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The incident took place on Tuesday (November 16) at around 4:00 p.m. The entire situation was described by the Polish Press Club in a Facebook post. Assaulted were renowned photojournalists working for international media outlets: Maciej Nabrdalik (contributes to the New York Times, winner of World Press Photo contest, Pictures of the Year International), Maciej Moskwa (co-founder of the documentary collective Testigo), and Martin Divíšek (member of the European Pressphoto Agency).

In a note published on social media, the Polish Press Club writes: "As reported by the attacked journalists, prior to taking photos documenting the military presence in the village of Wiejki, they approached the gate, identified themselves to the guards as reporters, and let them know that they would be taking photos from afar. After taking the pictures, they got into the car and headed back to Michałowo. They were stopped by people wearing Polish Army uniforms, who dragged them out of the car, shoving them and using obscene language. All three journalists were handcuffed without their jackets and held for over an hour until the arrival of the police arrived on site. During this time, the uniformed men searched their car and looked through the camera memory cards, despite being explicitly informed that this would constitute a violation of the reporter’s privilege. The actions of the uniformed men were characterized by exceptional aggression".

All three photojournalists remained in handcuffs until the police arrived on site. Police officers did not determine the identity of the aggressors (who refused to identify themselves to the journalists) despite being explicitly asked to do so. They limited themselves only to informing the reporters about the possibility of filing a criminal complaint.

Ministry of Defense denies

The Operations Center of the Ministry of Defense was immediately informed about the incident. The assaulted photojournalists announced they will file a criminal complaint notice. They are in the possession of images of some of the aggressors.

Tomasz Krupa, the spokesman for the Podlasie region police headquarters, confirmed that such an incident indeed occurred.

- We don't talk about the details of what we have established so far - he said.

He admitted, however, that the people who attacked and handcuffed the photojournalists were soldiers from one of the units stationed near the scene.

On Wednesday morning (November 17), "Wyborcza" asked the Ministry of Defense to explain the situation. An answer came from the Ministry’s press department shortly before 11:00 am.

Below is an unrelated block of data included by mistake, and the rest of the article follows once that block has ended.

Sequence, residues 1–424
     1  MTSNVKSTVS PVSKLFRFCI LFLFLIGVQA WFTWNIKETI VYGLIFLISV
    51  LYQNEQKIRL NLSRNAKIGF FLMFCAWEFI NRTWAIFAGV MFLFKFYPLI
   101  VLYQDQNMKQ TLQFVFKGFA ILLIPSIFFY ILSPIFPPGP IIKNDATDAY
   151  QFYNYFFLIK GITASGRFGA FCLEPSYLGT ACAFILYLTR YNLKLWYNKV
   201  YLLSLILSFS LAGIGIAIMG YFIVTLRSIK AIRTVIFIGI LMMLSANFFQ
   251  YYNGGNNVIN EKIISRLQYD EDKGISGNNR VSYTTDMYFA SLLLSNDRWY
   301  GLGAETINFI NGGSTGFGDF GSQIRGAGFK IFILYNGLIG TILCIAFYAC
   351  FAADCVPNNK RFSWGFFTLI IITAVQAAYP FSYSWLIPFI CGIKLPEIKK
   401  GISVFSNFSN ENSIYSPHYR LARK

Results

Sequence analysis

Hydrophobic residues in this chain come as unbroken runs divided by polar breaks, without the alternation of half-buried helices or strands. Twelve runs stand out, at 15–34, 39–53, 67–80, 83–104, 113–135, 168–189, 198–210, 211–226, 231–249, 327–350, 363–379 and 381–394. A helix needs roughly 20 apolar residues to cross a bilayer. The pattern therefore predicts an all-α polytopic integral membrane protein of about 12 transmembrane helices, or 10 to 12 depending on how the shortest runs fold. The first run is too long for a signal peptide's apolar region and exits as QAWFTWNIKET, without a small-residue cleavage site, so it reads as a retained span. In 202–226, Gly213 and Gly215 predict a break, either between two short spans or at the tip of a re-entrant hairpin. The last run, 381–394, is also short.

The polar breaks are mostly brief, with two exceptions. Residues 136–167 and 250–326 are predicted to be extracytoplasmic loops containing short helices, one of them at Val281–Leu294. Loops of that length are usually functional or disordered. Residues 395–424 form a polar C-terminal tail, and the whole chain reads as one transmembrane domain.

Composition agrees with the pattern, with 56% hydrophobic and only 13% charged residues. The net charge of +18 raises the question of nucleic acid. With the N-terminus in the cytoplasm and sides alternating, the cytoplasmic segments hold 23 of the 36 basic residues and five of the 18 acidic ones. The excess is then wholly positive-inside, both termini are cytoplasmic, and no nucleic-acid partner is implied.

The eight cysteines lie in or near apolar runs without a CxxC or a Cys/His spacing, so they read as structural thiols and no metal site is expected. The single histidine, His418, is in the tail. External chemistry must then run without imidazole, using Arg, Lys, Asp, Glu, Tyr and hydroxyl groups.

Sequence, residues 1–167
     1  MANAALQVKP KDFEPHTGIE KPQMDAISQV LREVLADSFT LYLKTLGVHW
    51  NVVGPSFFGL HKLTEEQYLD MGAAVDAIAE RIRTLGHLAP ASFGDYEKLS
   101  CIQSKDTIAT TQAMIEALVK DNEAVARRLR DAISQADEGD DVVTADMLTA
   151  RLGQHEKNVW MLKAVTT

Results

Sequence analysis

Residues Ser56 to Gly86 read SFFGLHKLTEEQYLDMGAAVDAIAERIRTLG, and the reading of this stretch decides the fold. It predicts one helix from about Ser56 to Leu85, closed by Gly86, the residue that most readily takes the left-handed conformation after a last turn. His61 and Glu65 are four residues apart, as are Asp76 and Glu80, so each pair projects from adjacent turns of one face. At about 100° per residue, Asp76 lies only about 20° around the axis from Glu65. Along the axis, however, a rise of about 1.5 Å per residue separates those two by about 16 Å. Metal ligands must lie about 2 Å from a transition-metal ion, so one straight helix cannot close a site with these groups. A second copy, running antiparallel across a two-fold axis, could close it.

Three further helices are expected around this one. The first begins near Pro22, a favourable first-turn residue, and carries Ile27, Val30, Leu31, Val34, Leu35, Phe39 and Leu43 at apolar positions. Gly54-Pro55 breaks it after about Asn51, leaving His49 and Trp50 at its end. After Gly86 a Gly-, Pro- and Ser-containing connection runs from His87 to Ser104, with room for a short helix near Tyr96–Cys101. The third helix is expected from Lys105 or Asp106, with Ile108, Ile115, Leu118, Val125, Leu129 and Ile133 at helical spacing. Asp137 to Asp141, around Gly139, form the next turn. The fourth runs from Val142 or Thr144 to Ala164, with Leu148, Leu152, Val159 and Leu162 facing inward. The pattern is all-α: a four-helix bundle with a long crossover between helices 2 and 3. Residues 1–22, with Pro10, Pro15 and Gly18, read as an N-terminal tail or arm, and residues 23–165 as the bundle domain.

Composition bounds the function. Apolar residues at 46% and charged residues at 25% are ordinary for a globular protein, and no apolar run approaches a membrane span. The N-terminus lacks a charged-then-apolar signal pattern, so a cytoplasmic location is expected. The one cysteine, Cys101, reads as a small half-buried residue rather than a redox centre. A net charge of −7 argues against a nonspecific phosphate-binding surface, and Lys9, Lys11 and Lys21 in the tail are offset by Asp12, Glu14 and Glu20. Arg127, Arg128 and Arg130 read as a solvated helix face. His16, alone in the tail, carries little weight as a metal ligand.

It reads: "We disagree with the use of terms such as: ‘Polish soldiers attacked photojournalists and were exceptionally aggressive’. The soldiers did not use violence. According to their own account, on Tuesday afternoon, soldiers stationed at the encampment in the village of Wiejki noticed three masked individuals photographing the camp and the military personnel. The encampment is protected by several security outposts and patrols. These individuals were walking along the camp wearing white face masks and hoods and had no external markings indicating that they were journalists. There were also no markings on the vehicle suggesting that it might belong to journalists. When asked to stop taking pictures, the men headed to their vehicle and tried to drive away".

Further, the Ministry of Defense emphasizes that: "In the meantime, appropriate authorities, including the police, were notified. The soldiers were instructed to detain these persons for investigation by an authorized body. The men indeed identified themselves, but presented their press passes only after some time. The soldiers involved deny being asked for permission to take photographs. Military security services, such as guards or emergency subdivisions, have the right to intervene".

Concluding its statement, the Ministry of Defense adds that: "It should be remembered that soldiers are on duty in conditions of escalating tension (on that day, migrants tried to storm the border and attacked Polish authorities) and are aware of the increasing use of methods of hybrid warfare. We all need to be aware of operating in an emergency situation. It is also worth noting that it was soldiers, not the journalists, who notified the police and other authorities".

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Every day, 400 journalists at Gazeta Wyborcza write verified, fact-checked stories about Polish politics and society, keeping a critical eye on the ruling camp’s persistent assault on democratic values and the rule of law; the growing cultural tension between religious fundamentalism and human rights; and the ongoing COVID-19 epidemic. Our journalists are on the front lines in 25 Polish cities, reporting from the streets, hospitals, and courtrooms about issues that move public opinion.

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